About halfway through the deployment, we got word that we were to prepare for a new recce mission, one that had special significance for the Ranger regiment. We were to recon the compound harboring the suspected Taliban leader who’d planned the Pat Tillman ambush, so that it could be assaulted by a Ranger strike force. Pat had been an NFL player who’d quit his high-paying job as a professional athlete to become a Ranger, making national headlines by doing so.
I had never actually met Tillman; he was maybe one or two cycles ahead of me in training. I saw him once in the Ranger regiment chow hall, but that was about it. I did speak to guys in his battalion when I was in pre-Ranger, getting ready for Ranger School, and they told me that Pat Tillman was a good guy—the real deal. So I was shocked when, after Ranger School, I went into an internet café in a small town where I was backpacking in Costa Rica and saw on the front page the news of the day: Pat Tillman had been killed in Afghanistan. Initially it was reported that he was killed by the enemy in a firefight, but later on it came out that Tillman had been killed by friendly fire. Fast-forward to the winter of 2004–05: Now we were looking for the guy behind it.
I worked with Paul, the assistant recce team leader; Grant, the recce team leader; and their recce team on immediate action drills, rehearsing what we would do if we got ambushed, if a vehicle was disabled, if both vehicles were disabled, and other contingencies, down to simple things like changing a tire. We got our desert tiger-stripe uniforms and pakol hats, which have flat tops and a roll of fabric that goes around the top of your head, to disguise ourselves as Afghan paramilitary soldiers. The plan was to drive our vehicles down to the Pak border and link up with the paramilitaries at their border control point (BCP). From there we would team up and accomplish our mission of laying the groundwork for Charlie Company to conduct a direct-action raid and police up this guy who had been involved in the Tillman ambush.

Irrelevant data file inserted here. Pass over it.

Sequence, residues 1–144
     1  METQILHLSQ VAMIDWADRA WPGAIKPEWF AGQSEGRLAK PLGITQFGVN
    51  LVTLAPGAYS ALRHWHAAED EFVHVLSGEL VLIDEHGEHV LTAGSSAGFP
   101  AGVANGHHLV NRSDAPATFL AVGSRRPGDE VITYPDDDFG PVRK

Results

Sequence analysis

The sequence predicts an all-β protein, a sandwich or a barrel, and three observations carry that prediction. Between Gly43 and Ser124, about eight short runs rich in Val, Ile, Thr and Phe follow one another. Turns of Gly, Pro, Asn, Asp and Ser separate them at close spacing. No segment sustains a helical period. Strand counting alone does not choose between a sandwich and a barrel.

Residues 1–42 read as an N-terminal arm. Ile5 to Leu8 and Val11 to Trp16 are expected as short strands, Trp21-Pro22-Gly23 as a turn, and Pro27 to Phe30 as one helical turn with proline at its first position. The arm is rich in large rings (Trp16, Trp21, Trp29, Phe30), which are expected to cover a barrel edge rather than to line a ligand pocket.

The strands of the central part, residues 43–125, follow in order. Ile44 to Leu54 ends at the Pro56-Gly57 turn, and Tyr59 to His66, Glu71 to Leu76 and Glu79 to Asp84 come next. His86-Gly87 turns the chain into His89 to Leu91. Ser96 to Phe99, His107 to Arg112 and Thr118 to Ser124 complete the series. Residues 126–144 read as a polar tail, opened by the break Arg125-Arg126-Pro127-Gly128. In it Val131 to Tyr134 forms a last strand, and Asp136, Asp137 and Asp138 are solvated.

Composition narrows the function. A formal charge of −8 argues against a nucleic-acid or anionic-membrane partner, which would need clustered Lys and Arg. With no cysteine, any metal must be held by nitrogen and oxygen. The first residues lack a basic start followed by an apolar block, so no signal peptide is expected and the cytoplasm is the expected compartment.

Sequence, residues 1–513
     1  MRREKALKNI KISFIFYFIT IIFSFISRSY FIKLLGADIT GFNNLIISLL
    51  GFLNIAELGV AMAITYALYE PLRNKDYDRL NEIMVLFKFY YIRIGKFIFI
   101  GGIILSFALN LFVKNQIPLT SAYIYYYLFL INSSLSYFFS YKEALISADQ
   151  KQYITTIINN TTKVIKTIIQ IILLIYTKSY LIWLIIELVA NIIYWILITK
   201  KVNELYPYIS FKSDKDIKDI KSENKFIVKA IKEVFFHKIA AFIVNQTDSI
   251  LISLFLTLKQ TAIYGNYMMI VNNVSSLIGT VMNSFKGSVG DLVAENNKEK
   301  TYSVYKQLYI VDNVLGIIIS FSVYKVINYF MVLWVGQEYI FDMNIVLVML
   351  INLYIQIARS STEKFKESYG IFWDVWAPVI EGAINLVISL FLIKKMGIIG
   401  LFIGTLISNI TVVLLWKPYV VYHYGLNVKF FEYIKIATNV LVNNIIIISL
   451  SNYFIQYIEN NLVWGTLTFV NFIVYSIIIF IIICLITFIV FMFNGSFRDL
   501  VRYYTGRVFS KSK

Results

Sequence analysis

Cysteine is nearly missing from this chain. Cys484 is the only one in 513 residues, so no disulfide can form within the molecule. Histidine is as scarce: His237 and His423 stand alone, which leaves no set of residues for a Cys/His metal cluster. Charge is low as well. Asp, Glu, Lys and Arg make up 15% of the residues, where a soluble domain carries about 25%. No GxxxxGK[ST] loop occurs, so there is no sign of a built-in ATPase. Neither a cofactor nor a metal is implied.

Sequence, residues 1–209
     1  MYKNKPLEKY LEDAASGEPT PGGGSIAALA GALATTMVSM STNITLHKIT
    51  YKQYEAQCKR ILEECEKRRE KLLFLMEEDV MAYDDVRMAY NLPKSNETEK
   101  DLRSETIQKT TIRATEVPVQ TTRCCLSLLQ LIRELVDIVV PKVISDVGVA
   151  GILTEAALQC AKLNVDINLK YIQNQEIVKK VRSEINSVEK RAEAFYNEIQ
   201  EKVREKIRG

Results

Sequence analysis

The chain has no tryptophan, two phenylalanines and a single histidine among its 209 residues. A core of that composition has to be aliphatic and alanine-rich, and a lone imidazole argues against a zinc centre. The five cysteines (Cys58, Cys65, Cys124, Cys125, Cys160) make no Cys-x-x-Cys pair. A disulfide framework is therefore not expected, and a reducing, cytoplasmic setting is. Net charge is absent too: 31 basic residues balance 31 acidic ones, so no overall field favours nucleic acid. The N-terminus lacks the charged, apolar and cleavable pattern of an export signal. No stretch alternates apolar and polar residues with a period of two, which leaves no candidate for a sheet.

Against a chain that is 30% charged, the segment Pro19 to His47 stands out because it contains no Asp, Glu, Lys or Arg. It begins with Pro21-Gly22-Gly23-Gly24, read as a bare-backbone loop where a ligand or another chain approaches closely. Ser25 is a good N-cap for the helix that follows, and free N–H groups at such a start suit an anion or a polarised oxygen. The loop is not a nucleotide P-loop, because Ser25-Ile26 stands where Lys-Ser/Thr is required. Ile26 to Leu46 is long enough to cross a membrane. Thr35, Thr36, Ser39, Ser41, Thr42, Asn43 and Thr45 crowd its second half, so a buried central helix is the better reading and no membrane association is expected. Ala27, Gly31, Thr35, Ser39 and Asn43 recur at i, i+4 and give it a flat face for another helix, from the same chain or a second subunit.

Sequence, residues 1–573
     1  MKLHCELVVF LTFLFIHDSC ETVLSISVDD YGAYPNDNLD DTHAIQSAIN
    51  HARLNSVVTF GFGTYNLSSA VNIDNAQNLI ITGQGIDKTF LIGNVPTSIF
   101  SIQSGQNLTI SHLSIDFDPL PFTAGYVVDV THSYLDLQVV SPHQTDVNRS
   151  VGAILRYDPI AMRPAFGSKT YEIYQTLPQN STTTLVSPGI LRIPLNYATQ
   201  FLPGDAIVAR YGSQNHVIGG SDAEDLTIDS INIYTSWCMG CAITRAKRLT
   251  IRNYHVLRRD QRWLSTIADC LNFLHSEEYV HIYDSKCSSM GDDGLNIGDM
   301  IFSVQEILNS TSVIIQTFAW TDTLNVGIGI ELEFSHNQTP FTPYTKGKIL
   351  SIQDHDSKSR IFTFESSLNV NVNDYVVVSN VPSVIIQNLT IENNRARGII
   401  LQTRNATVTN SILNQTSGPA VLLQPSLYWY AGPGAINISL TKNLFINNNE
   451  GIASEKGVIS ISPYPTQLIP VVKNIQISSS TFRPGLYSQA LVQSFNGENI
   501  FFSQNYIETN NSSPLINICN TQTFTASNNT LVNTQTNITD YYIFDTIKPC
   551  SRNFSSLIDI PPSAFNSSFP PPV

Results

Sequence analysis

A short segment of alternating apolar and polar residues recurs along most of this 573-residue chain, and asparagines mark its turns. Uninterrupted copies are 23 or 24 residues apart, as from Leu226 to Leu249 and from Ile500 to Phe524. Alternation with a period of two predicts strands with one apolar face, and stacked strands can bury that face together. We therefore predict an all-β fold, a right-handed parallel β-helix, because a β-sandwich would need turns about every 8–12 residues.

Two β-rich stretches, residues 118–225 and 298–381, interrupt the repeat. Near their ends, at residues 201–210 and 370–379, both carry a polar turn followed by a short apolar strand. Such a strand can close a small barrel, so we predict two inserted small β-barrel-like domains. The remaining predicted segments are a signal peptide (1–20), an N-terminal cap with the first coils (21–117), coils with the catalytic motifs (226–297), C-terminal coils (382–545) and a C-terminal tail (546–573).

The recce team rolled out with two attachments, an Air Force JTAC and me as the sniper. We began the long drive down to the Pakistan border and the Afghan BCP, passing through the Khowst bowl, a large, flat, open area surrounded by mountains on all sides. Nomads—or Kuchis, in the local language of Dari—lived in what looked like gypsy camps out on the flat expanse. From there, we entered more remote, untamed areas, driving through dangerous switchbacks and steep valleys. As I mentioned, there were times when it truly felt like you were on another planet.
We drove across golf ball-sized stones at the bottom of a narrow valley and rounded a bend. A stream ran through the valley, and a woman wearing a burka knelt beside it, washing her dishes in the water. Ancient terraces rose up on either side of the valley, making use of a complicated system of irrigation to grow crops. Toward the top of the valley were adobe huts that seemed like they were built right on the rock face.
Around another bend, we entered a forested area with thick pine trees, eroded ledges, and undergrowth pouring out toward what passed for a road. A lone man wearing a pakol and a vest stared at us and walked away. We descended into canyons with marijuana plants growing on both sides in thick fields. We climbed up the side of mountains, narrowly passing by flatbed trucks loaded with lumber cut from the surrounding areas. On several occasions, we drove through valley passes that were so narrow our Hiluxes barely made it through. There was no way the wide-framed U.S. Army Humvees could make it through this terrain. One pass looked like it had been dynamited open not that long ago. It was easy to see how the Afghans trapped invaders inside mountain pass after mountain pass, wearing them down by attrition with ambush after ambush.